While law enforcement teams would surely help other teams out if needed, and the various specialists with other teams can be available to help, their performance will be judged on the peace and order situation in their own barangay or village. At the same time, they must be given the resources they need, including more training and equipment, to make their team perform well. For example, if a police officer is absent, the team leader can "borrow" a police officer from another team. Both team leaders don't have to wait for approval from superiors. The transaction is between both teams. (Decentralization at work)

In the Philippines, the village and barangay are the most efficient forms of population organization after the basic family unit. Each barangay or village has its own "barangay captain or village manager" and councilors or directors that should be elected on an annual basis. That barangay or village is now "his" or "hers" and they will now be responsible for it. It is up to them to make decisions—including mistakes—rather than wait for orders from higher-ups. Just as in the corporate world, the annual election will validate or reject the officials' mandate to manage and govern. The residents in turn, must pay taxes, assessed dues and maintain their "good standing" in order to exercise their right to vote. This is genuine democracy. If the village and barangay can enforce law and order more effectively compared to an overburdened, inefficient and corrupt city bureaucracy, why not allow the barangay or village to police its own borders?

Decentralization will lead to real ownership and empowerment, real teamwork, clear-cut accountability (poor performance will now be easy to track), and a system in which people will be able to operate as humans and not as functions in some machine. Problems will be solved by the people closest to them, to be cut off at the source. The problem solvers are free to both do it right and also to make mistakes. Mistakes will be made—the key is to try to prevent them from recurring, and the best way is to make sure they are self-correcting.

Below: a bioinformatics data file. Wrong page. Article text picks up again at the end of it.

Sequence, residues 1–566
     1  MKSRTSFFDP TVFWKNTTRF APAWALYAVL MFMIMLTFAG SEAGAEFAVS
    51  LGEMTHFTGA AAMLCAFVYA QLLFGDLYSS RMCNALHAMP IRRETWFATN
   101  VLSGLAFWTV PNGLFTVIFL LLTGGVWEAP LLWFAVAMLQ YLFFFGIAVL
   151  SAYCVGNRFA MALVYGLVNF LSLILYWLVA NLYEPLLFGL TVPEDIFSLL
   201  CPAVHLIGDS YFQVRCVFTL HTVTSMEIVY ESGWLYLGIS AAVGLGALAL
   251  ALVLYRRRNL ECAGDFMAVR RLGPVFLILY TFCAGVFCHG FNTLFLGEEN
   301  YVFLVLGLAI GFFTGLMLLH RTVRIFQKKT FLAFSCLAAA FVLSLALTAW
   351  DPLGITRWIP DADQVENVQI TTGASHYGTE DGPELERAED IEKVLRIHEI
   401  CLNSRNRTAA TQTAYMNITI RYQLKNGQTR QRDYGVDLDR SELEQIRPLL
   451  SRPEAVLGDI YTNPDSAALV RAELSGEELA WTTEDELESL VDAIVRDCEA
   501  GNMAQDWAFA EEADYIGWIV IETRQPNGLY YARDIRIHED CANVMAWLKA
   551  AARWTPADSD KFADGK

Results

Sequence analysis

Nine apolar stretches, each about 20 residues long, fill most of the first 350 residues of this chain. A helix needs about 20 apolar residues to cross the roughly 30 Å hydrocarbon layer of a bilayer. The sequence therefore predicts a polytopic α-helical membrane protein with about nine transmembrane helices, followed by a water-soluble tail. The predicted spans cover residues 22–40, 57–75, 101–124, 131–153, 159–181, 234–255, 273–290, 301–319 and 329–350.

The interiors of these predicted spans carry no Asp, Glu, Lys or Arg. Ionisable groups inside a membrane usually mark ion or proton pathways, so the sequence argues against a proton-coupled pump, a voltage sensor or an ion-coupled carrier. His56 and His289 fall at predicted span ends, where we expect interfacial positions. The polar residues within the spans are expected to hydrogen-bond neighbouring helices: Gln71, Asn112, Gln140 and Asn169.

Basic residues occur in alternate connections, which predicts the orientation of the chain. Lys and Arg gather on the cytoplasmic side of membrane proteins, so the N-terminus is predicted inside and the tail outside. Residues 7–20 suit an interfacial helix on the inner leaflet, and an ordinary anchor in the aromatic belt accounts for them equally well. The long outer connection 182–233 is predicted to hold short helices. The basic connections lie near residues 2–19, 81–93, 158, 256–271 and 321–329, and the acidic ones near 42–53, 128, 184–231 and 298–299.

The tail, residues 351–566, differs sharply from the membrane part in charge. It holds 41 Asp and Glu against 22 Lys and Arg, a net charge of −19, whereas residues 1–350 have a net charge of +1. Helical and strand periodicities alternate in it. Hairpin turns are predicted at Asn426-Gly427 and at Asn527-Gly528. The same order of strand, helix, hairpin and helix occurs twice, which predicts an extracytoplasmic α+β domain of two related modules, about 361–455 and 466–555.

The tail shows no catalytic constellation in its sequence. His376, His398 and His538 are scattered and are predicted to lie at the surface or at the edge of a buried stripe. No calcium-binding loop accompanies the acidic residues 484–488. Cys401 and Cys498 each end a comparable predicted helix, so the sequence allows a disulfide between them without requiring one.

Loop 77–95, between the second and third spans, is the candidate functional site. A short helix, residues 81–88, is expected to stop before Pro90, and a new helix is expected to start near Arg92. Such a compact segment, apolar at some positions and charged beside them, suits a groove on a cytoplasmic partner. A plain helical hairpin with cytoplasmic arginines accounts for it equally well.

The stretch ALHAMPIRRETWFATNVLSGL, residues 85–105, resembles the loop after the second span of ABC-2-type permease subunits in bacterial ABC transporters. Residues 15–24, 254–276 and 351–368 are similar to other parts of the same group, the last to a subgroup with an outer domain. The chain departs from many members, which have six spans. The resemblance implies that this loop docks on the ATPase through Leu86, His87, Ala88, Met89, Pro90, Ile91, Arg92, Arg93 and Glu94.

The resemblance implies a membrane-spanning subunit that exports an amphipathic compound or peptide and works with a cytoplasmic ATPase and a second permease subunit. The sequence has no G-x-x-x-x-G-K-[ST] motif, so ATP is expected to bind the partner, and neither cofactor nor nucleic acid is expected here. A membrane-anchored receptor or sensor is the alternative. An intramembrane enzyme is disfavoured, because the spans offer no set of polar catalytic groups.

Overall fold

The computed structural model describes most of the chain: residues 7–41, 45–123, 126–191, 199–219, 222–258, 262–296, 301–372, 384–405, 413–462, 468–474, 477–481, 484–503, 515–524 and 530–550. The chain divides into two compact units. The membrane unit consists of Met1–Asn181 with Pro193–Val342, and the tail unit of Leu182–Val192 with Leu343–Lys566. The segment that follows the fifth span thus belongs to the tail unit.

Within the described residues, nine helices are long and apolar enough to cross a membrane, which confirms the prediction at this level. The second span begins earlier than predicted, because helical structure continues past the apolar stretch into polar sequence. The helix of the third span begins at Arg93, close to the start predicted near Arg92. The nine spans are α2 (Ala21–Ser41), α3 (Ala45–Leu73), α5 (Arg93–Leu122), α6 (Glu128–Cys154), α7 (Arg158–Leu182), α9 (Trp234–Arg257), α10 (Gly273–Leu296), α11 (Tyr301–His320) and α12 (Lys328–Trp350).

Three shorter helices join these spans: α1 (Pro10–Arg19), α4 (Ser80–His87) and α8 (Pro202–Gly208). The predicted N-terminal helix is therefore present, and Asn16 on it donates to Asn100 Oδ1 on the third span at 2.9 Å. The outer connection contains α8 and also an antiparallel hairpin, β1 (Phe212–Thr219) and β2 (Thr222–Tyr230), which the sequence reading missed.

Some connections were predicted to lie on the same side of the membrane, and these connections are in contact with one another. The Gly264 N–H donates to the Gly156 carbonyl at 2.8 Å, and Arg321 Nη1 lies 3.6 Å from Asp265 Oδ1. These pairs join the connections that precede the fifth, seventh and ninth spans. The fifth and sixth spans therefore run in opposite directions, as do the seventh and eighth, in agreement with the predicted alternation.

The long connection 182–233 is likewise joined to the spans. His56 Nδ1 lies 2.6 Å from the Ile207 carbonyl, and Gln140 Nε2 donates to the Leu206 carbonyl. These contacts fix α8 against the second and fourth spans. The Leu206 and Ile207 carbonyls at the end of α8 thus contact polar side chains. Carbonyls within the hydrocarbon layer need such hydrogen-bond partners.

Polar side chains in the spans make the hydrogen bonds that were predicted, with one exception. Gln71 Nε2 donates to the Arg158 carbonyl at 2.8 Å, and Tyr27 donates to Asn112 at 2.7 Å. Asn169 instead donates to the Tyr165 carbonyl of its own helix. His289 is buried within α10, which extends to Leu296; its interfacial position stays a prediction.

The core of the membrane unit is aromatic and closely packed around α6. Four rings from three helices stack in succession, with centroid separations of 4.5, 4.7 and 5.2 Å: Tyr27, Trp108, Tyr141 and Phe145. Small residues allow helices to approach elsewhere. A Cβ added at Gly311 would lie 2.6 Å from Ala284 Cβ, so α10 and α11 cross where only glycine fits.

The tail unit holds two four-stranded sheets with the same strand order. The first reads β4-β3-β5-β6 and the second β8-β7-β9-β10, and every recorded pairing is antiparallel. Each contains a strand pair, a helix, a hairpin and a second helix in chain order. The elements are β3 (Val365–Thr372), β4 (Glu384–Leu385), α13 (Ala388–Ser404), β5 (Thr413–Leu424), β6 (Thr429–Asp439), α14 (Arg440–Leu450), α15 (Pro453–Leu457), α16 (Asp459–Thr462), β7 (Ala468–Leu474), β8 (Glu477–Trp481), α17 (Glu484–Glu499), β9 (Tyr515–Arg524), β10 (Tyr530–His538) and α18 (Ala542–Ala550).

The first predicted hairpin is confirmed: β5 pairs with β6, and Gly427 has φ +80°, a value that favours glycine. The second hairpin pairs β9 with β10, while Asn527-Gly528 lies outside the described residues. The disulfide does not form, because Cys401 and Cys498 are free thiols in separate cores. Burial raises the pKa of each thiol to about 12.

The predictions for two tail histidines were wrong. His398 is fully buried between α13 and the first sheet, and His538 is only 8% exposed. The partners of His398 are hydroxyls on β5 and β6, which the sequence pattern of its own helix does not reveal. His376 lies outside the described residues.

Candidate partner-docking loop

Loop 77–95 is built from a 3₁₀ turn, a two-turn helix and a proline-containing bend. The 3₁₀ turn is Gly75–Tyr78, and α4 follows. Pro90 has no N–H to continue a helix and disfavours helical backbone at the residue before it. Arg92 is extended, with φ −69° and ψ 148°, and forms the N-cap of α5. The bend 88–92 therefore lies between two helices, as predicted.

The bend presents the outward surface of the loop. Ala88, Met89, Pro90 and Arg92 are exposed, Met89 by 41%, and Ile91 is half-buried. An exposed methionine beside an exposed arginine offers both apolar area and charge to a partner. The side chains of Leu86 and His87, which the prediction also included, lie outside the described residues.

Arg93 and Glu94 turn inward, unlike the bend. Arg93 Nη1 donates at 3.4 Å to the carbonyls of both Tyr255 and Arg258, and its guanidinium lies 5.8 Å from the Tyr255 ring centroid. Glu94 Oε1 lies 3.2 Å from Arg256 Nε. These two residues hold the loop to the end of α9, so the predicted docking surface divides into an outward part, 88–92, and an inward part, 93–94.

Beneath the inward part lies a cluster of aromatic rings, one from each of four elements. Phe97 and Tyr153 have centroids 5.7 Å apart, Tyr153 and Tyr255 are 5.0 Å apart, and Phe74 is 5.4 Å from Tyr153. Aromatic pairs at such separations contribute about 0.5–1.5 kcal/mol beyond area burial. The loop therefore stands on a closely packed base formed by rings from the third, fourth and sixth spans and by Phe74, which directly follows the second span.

More practically, we must attack the root causes of the government's inefficiency: Close down sick, nonperforming units so there will be enough trained people to make the better units healthy. Kick the local government officials out of their air-conditioned offices, where they are now located under the centralized style of management, and place them out in the field, where they can truly be in charge.

We must ruthlessly root out and destroy procedures and processes designed to maintain control for its own sake. We must dictate goals and standards, then build visible and understandable scorecards that rate what really matters such as truckloads of rice delivered, violators apprehended and criminals caught and in jail. As we slowly moved to decentralized leadership, we should raise the goals and standards ever higher, and each day the men and women who work in government will prove they can exceed our highest expectations.